In another remembrance, I was writing structural steel specifications for another client using the Alyeska specifications as a template. The client asked why I was limiting tensile stresses to 5000 psi for non-low temp steel when Arco allowed tensile stresses up to 7500 psi. I contacted Tiny who explained that the information he used in developing Alyeska's specifications came from the Naval Research Labs investigation of the brittle fracture failures of the Liberty ships during World War II. He also said that no additional similar research had occurred since then. I obtained copies of these research papers and found the following for non-low temp steels. At stresses below 5000 psi, brittle fracture did not occur. The fractures were all ductile. At stresses above 7500 psi, almost all fractures were brittle. For stresses between 5000 and 7500 psi, the data was mixed. Most fractures were ductile but a few were brittle. The purpose of the specifications is to avoid brittle fracture in low temperatures. I contacted Tiny again and asked why he had used 5000 psi instead of 7500 psi as had Arco. He said that either number was equally valid. Which one you picked depended on how well you wanted to sleep at night. When I explained that to my client, they decided to stay with 5000 psi. Some may argue that Tiny was overly conservative, but history shows us that Tiny's approach has served Alyeska very well. His knowledge of metallurgy and welding was unequalled.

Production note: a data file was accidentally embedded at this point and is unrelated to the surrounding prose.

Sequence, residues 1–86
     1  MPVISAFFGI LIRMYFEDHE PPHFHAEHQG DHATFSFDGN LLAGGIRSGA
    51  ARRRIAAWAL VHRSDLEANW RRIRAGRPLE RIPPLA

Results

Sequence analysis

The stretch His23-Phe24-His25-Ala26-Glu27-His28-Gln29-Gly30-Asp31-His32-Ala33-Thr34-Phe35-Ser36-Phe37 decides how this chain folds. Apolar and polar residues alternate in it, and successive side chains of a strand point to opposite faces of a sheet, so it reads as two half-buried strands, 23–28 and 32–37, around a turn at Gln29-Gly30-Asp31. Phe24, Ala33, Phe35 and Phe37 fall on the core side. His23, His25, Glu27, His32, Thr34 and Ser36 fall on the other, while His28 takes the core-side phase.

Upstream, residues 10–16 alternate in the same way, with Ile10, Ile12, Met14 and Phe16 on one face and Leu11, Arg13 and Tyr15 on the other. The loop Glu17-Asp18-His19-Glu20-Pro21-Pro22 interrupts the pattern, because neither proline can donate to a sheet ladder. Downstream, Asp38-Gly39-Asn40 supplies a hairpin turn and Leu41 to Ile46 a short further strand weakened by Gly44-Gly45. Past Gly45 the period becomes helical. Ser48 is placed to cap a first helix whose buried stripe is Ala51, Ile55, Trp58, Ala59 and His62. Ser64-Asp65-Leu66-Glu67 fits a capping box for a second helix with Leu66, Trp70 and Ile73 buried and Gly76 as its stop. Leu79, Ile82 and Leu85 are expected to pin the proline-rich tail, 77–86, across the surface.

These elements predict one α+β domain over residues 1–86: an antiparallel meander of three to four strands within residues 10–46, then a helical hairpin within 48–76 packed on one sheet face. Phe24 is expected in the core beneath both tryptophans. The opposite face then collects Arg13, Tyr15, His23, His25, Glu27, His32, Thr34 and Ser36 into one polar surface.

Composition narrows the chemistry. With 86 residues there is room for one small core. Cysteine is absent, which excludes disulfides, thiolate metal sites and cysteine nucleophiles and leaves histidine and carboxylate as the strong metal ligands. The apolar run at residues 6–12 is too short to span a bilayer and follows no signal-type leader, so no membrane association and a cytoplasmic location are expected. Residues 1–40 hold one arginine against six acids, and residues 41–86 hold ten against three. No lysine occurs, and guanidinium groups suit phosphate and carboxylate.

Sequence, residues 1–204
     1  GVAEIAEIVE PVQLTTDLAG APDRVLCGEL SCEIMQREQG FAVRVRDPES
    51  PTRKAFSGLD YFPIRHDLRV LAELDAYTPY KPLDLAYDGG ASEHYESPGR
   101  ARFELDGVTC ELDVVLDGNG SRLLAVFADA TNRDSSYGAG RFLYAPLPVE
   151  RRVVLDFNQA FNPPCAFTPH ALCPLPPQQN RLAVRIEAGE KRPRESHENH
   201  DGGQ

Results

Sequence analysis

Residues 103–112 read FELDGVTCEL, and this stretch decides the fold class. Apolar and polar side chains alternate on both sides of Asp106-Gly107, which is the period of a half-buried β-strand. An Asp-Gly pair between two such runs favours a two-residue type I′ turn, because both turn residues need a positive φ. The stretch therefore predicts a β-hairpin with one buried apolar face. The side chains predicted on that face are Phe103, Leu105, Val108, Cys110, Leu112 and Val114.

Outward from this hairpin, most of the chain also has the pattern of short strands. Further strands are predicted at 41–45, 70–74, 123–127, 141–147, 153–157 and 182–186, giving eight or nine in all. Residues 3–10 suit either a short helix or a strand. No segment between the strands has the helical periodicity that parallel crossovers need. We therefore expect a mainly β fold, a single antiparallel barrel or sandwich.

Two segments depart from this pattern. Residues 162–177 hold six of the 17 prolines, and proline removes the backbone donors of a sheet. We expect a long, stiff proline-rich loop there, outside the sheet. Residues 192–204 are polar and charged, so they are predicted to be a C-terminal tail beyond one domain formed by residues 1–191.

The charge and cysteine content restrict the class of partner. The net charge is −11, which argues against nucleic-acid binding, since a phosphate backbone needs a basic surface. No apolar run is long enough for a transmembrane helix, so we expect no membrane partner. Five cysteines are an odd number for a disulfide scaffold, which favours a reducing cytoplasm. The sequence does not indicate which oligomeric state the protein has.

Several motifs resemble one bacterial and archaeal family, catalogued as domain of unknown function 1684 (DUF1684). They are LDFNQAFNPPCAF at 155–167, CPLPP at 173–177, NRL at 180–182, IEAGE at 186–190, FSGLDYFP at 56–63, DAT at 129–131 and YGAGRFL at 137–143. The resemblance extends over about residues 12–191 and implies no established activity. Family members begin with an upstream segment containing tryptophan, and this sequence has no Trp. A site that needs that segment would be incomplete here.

12/29/20 07:59 AM #7    

Joe Riordan

Wow guys, you are so right!  Thanks Wes and Pat.  I can still recall the author from that article- Pelini from the US Naval Observatory.  It's crazy the things you remember once prompted.

Ok, now that brigns up a funny story about the orgininal holy men errr I mean greats. I was contacted by the Owners in about 1989 with a unique request related to a legal case worth many tens of millions of dollars; Did I know if TAPS included the topping units when it was being designed and prior to 1972?  Obviously that was before my time and the only person I could think of that might know was Joe Willing who had been retired for about 5 years or more.  Nevertheless I checked on him periodically so that prompted me to call him again.  So I asked him the question and without hesitatation he said "Yes, it can be found in the TAPS Feasibility Study published December 21, 1968."  I laughed and said "Seriously Joe, about when was it published?"  Again he answered without hesitation "I told you December 21, 1968 in the TAPS Feasibility Study Report."  I laughed again and reminded him that he'd been retired for years and asked how he remembered the date and the source so accurately and he dead panned- "Well it was an important date."  To finish the story I received the copy from the archives in some salt mine in Utah of the 1968 TAPS Feasibiluty Report and sure enough it was all there.  It made fascinating reading and Joe Wiling explained more of it to me but that's for another time.


Joe Riordan

12/29/20 08:37 AM #8    

Bill Howitt

I'm really enjoying these stories Guys.  A lot of very good memories.  It's a shame that it takes someone dying, but I guess that just part of the human condition.